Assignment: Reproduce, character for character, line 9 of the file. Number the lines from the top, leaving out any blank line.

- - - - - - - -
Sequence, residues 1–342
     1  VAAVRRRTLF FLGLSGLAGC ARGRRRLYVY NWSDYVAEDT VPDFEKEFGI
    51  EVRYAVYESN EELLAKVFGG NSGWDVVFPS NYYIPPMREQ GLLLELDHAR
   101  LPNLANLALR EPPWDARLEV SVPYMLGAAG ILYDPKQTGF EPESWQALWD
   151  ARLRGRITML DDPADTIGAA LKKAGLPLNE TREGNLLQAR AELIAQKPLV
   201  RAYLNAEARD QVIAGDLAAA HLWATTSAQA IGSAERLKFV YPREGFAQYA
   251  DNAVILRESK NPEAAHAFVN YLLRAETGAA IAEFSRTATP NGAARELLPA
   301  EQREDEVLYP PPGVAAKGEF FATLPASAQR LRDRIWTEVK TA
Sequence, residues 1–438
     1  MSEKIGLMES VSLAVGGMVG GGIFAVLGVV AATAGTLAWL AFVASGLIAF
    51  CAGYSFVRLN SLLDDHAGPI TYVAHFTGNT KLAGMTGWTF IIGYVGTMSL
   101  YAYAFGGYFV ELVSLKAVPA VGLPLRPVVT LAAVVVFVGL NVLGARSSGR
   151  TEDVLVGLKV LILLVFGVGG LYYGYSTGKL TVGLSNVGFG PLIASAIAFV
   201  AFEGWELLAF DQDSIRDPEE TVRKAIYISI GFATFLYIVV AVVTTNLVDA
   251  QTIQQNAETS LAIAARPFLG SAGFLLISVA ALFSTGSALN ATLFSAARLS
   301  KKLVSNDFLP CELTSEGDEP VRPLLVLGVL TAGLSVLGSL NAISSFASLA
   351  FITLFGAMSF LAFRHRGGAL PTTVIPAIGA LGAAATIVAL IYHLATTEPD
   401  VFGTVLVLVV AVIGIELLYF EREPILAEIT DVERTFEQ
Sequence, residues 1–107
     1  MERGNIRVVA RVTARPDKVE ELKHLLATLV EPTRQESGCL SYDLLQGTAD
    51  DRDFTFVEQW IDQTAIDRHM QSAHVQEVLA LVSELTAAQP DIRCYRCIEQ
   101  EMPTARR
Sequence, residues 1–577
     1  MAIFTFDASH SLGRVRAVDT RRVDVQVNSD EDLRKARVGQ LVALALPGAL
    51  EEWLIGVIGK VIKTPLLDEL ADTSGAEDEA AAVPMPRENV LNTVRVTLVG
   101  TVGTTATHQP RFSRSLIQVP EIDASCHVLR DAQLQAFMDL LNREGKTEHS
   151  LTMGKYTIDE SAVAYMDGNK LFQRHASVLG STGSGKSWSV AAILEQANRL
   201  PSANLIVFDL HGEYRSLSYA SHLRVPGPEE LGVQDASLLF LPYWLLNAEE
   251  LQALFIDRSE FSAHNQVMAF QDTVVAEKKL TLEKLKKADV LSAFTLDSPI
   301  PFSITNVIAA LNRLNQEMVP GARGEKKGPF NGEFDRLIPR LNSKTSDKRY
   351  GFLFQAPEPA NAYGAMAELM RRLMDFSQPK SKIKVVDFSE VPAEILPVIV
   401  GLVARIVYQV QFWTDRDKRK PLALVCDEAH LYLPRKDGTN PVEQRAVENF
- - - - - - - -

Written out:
Sequence, residues 1–438